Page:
used  with  a positive limit will be ignored. This option is useful when restarting
              chronyd and can be used in conjunction with the -r option.

       -s     This option will set the system clock from the computer's real-time clock.  This is
              analogous  to  supplying  the -s flag to the /sbin/hwclock program during the Linux
              boot sequence.

              Support for real-time clocks is limited at present - the criteria are described  in
              the  section  on  the  rtcfile  directive  in  the  documentation supplied with the
              distribution.

              If used in conjunction with the -r flag, chronyd will attempt to preserve  the  old
              samples after setting the system clock from the real time clock (RTC).  This can be
              used to allow chronyd to perform long term averaging  of  the  gain  or  loss  rate
              across  system  reboots,  and is useful for dial-up systems that are shut down when
              not in use.  For this to work well, it  relies  on  chronyd  having  been  able  to
              determine  accurate  statistics for the difference between the RTC and system clock
              last time the computer was on.

              If chronyd doesn't support the RTC on your computer or there is no  RTC  installed,
              the  system  clock  will  be  set  with this option forward to the time of the last
              modification of the drift file (specified by the driftfile  directive)  to  restore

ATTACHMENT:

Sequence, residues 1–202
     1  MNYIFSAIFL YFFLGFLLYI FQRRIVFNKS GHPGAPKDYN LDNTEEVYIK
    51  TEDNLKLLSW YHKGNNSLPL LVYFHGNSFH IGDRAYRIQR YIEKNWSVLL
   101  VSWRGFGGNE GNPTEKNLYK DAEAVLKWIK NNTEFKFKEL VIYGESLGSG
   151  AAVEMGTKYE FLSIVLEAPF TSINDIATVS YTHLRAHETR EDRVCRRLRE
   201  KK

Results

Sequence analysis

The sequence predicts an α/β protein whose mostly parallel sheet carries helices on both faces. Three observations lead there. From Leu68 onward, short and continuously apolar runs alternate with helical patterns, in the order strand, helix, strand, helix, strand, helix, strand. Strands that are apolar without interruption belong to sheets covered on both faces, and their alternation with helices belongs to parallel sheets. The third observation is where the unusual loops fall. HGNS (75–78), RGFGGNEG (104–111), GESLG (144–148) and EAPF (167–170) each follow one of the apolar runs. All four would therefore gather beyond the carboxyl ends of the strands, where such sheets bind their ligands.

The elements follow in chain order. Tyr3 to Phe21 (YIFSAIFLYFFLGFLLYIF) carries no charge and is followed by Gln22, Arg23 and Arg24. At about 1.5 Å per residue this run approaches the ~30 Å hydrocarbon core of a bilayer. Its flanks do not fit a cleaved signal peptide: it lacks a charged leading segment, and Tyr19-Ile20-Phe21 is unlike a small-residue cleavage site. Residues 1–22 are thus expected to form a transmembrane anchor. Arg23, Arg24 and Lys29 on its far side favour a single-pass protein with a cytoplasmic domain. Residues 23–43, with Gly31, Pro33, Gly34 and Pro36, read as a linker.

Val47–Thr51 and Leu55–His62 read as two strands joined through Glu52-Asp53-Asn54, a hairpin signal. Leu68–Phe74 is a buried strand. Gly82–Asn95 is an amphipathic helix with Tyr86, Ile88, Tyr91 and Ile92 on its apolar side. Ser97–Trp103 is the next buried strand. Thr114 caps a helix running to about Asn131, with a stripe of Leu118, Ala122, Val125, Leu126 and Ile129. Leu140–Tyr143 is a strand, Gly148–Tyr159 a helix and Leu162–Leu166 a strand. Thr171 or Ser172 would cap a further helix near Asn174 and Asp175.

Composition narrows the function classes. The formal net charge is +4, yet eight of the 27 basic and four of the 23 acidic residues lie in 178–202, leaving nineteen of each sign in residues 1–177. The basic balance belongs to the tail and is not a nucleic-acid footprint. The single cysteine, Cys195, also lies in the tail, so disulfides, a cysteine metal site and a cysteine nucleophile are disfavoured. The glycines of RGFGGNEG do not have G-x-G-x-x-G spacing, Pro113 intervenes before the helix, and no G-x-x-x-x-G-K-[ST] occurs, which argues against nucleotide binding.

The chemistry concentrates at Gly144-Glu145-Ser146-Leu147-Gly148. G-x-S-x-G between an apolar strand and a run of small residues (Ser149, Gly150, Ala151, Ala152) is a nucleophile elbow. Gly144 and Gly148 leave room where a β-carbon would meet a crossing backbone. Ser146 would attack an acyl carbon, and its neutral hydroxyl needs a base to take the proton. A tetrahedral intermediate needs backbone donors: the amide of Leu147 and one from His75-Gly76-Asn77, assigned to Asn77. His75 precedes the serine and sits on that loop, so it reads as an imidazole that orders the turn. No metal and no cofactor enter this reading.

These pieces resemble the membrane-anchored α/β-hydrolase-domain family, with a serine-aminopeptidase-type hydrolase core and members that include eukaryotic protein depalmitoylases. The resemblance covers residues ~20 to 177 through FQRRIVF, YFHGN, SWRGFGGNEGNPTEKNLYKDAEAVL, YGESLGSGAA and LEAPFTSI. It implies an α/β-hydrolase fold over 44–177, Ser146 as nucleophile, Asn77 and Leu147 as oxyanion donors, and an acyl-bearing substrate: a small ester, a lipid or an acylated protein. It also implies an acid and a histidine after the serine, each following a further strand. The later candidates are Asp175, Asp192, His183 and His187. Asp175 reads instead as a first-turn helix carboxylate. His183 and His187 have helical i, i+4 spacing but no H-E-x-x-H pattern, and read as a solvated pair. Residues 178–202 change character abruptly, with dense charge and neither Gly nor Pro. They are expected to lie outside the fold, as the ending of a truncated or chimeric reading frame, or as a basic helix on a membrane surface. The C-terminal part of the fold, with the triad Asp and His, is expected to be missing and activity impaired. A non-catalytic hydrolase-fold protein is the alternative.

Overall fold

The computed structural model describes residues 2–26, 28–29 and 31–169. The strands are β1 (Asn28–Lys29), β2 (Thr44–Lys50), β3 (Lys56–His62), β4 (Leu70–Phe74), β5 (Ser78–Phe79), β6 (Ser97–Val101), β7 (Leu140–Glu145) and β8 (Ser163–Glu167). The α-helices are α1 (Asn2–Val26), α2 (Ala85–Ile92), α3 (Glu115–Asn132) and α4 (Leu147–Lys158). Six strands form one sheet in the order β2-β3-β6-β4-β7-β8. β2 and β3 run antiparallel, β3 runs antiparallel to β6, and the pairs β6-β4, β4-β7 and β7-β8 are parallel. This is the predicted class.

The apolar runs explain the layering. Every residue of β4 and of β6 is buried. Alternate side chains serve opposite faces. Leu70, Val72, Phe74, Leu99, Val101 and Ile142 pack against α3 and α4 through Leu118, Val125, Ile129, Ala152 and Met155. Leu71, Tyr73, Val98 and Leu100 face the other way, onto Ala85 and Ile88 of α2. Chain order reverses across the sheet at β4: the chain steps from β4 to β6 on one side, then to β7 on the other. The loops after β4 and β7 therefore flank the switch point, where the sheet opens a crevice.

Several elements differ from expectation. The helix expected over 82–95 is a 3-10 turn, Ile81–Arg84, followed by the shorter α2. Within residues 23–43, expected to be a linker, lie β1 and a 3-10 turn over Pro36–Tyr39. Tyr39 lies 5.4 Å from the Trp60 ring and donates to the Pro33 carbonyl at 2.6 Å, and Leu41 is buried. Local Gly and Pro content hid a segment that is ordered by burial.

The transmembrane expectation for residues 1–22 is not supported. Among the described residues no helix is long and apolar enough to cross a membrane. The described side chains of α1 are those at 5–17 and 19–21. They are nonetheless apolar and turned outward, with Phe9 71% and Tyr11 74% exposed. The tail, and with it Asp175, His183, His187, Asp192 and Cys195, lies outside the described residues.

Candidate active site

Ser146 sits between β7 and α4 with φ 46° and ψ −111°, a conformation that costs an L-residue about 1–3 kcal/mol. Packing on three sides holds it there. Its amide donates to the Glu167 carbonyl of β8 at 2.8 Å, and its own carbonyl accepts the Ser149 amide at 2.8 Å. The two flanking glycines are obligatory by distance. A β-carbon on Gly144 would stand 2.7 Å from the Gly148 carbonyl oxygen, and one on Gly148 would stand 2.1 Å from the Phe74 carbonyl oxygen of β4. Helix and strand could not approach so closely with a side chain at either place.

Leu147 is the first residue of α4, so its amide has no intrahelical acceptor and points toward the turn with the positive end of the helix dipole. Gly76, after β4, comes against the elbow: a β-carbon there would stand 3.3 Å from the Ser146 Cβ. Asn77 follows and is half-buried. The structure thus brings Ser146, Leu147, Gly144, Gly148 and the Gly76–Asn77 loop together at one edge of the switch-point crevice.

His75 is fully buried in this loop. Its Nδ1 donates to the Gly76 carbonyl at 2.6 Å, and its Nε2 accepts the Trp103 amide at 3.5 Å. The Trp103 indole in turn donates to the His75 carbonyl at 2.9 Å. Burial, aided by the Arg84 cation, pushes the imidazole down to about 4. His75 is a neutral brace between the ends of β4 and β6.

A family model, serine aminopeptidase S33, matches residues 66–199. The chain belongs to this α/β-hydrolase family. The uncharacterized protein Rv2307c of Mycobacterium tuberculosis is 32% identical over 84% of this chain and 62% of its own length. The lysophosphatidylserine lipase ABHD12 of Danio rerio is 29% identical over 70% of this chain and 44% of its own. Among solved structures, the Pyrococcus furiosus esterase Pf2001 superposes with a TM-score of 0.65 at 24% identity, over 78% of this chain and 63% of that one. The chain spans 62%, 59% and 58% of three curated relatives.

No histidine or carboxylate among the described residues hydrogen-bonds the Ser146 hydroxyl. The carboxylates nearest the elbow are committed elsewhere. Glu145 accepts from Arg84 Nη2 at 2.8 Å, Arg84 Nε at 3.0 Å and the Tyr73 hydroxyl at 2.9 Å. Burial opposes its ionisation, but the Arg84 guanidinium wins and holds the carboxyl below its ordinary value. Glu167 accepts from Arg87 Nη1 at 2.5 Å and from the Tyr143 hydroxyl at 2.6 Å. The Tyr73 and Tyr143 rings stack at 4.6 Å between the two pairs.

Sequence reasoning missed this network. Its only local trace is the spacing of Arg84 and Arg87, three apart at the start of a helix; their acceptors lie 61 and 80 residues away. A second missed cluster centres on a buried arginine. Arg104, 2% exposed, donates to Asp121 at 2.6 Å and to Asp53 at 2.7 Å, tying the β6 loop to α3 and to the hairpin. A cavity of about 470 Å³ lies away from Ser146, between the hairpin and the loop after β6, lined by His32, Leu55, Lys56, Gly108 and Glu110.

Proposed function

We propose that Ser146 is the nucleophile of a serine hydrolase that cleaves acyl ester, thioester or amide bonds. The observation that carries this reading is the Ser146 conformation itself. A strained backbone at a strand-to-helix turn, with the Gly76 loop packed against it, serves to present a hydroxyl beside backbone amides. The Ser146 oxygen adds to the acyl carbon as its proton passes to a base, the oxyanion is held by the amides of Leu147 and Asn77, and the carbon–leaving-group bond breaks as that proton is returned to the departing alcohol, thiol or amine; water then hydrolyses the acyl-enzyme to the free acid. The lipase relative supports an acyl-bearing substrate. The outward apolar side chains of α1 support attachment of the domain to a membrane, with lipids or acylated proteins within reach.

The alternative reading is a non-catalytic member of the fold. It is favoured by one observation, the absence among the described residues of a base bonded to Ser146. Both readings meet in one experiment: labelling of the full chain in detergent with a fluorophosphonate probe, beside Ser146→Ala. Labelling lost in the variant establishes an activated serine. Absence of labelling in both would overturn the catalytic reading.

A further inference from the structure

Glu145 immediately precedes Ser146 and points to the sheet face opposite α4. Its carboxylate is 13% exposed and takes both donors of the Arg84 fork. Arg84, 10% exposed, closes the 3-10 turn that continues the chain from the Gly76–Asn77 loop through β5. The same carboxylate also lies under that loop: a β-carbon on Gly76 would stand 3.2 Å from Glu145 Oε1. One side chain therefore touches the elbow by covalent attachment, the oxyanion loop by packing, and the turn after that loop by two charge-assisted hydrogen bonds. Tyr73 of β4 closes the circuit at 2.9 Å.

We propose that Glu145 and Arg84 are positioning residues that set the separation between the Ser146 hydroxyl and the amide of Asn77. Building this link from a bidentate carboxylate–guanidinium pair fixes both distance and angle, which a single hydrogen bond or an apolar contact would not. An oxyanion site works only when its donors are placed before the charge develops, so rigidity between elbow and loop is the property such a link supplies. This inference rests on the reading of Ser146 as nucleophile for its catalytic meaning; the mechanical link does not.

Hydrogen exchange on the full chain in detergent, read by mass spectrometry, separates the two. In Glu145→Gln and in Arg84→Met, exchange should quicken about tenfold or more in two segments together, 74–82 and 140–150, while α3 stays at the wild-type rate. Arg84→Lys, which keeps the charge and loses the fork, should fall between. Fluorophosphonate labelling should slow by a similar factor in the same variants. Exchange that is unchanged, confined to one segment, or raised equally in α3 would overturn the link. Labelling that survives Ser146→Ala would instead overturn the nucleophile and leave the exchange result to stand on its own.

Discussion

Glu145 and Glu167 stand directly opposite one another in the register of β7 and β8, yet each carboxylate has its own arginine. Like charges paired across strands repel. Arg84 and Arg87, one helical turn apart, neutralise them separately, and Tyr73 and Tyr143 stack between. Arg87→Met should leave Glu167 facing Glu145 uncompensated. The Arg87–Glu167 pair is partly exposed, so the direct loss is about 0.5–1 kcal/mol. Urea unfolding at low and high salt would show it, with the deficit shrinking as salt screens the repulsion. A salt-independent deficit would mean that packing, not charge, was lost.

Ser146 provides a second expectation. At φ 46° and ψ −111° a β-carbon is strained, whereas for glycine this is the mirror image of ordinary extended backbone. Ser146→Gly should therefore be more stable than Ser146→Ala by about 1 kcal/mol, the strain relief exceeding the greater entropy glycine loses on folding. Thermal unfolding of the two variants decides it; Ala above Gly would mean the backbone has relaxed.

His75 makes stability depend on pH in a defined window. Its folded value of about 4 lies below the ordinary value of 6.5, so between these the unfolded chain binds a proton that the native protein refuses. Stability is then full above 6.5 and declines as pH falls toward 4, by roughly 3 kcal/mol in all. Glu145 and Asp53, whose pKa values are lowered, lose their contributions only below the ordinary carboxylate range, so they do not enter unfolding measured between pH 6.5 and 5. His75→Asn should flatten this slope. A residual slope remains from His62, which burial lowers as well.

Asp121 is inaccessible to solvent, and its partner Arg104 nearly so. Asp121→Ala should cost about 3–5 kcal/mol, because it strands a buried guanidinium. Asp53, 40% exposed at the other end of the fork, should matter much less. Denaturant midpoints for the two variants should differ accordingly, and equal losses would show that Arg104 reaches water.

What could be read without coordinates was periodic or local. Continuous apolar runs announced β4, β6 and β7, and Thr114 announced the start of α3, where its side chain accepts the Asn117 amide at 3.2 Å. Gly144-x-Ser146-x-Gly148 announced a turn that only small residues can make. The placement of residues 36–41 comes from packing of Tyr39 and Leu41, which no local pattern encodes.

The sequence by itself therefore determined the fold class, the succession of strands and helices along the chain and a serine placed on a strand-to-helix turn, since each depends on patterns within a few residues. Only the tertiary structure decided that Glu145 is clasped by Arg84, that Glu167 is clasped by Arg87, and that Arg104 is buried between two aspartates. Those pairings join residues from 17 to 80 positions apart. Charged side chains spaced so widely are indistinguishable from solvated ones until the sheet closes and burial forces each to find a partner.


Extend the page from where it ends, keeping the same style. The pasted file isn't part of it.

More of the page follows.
the system time at which chronyd was previously stopped.

       -u user
              This  option  sets  the  name of the user to which will chronyd switch to drop root
              privileges if compiled with Linux capabilities support (default _chrony).

       -q     When run in this mode, chronyd will set the system clock once and  exit.   It  will
              not detach from the terminal.

       -Q     This option is similar to -q, but it will only print the offset and not correct the
              clock.

       -v     This option displays chronyd's version number to the terminal and exits

       -4     Resolve hostnames only to IPv4 addresses and create only IPv4 sockets.

       -6     Resolve hostnames only to IPv6 addresses and create only IPv6 sockets.

FILES

       /etc/chrony/chrony.conf

BUGS

       To report bugs, please visit http://chrony.tuxfamily.org/

SEE ALSO

       chronyd is documented in detail  in  the  documentation  supplied  with  the  distribution
       (chrony.txt and chrony.texi).

       chronyc(1), chrony.conf(5), hwclock(8), ntpd(8)

       http://chrony.tuxfamily.org/

AUTHOR

       Richard Curnow <rc@rc0.org.uk>

       This  man-page  was  written  by  Jan  Schaumann <jschauma@netmeister.org> as part of "The
       Missing Man Pages Project".  Please see http://www.netmeister.org/misc/m2p2/index.html for
       details.

       The complete chrony documentation is supplied in texinfo format.